The Banshees of Inisherin

Martin McDonagh, Colin Farrell and Brendan Gleeson are reunited on a craggy island during the Irish Civil War. Still, at least they’re not in fucking Bruges.

A similarly purgatorial potency pervades this tiny town where entire lifetimes are spent walking to and from the pub, a rural routine interrupted when Colm (Gleeson) decides he no longer wishes to be friends with Pádraic (Farrell), setting off a cycle of violence with neither end nor reason. The absurdity of their squabble is echoed in the sound of cannons exploding on the mainland and into the present day, as neighbours turn into strangers, and friends to enemies.

While uniquely Irish in setting and humour, the ideas are modern and universal, namely the need for kindness and kinship in times of polarisation and escalation. As always McDonagh communicates in comedy as rich and dark as Guinness. Townsfolk looking for moral authority or spiritual guidance are confronted by an abusive policeman (Gary Lydon) and a meddlesome priest (David Pearse), embodiments of institutions coming apart at the seams.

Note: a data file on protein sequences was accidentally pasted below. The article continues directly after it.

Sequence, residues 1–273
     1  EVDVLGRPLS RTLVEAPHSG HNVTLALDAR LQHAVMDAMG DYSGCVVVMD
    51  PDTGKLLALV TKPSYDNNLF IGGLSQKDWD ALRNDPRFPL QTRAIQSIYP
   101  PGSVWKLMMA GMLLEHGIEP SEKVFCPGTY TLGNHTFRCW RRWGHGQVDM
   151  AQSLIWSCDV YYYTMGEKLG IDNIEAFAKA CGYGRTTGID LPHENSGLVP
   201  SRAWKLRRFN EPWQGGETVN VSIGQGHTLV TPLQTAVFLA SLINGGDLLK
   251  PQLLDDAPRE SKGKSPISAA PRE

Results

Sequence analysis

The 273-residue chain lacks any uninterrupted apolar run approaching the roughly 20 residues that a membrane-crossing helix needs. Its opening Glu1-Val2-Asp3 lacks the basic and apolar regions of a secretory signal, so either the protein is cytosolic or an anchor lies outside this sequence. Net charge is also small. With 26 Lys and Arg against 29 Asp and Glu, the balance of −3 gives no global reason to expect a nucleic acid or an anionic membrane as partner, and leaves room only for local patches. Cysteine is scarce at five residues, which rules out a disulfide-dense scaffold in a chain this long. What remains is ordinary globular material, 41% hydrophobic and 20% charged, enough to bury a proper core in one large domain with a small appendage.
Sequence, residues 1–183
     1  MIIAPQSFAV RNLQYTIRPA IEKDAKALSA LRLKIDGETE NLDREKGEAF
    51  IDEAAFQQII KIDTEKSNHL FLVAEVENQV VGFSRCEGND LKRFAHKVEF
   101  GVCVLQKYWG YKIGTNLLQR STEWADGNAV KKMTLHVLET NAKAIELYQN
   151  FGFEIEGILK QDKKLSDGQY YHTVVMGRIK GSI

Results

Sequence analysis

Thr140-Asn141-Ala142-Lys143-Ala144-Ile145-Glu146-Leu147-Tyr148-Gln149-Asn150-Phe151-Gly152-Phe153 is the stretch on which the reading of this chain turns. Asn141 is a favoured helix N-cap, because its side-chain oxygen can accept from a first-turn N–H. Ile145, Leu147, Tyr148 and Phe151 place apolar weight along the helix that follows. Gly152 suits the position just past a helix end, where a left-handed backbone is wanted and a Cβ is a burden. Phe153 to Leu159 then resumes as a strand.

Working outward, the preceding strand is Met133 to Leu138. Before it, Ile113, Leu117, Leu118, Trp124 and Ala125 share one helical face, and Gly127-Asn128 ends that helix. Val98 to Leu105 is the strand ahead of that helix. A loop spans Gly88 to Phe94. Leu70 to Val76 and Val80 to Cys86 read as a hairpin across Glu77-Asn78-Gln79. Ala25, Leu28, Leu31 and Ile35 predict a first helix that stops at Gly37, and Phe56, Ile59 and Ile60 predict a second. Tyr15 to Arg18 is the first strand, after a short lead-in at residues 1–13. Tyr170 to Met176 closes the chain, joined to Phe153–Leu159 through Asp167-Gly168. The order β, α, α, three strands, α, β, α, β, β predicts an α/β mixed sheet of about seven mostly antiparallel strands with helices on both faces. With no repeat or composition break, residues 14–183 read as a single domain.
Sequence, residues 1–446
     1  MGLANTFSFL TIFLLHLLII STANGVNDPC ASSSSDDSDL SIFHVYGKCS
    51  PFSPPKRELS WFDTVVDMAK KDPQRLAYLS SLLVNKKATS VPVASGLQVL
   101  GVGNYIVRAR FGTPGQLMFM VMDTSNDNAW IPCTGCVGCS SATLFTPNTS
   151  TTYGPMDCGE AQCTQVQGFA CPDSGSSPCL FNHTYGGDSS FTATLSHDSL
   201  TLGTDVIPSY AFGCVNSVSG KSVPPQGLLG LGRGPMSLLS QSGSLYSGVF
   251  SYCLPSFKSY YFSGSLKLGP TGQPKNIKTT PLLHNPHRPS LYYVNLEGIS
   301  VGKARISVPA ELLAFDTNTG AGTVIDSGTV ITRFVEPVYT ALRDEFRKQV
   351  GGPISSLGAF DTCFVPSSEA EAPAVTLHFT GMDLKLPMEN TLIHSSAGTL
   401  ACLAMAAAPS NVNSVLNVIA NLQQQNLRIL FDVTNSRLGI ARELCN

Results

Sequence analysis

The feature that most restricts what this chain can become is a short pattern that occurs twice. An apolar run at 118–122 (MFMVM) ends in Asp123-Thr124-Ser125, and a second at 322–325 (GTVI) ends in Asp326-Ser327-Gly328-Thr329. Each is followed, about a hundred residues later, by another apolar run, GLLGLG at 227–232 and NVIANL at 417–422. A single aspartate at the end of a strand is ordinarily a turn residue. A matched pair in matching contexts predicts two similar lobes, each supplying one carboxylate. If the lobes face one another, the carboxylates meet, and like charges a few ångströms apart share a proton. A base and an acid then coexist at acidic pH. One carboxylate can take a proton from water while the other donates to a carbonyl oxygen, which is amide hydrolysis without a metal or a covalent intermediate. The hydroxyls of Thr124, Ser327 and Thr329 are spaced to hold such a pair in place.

The small scale and big themes make this McDonagh the playwright’s film, and that proves something of a double-edged sword. His characters and dialogue are unimpeachable, but we miss the cinematic quality of his previous movies, explaining the story without as much visual engagement. He now finds himself in the unfortunate position of being compared not only to his brother John Michael McDonagh (Calvary), but also Yorgos Lanthimos (The Killing of a Sacred Deer), both of whom employ the same actors and similar yet distinct strains of black humour.

This might be Farrell’s finest work in a run of great performances that have increasingly leant into his innate melancholy, instead of the bland action roles in which he made his name. He is heartbreaking as a man driven mad by loneliness, the lost puppy to Gleeson’s hangdog former friend. Kerry Condon and Barry Keoghan are brilliant as the other speaking roles in a picture devoid of ambient noise, emphasising the breakdown of community, drinking in traumatised silence.

Though it lacks the renegade revelations of Calvary or In Bruges, The Banshees of Inisherin is a timely reminder that in a sea of conflict, everyman’s an island.


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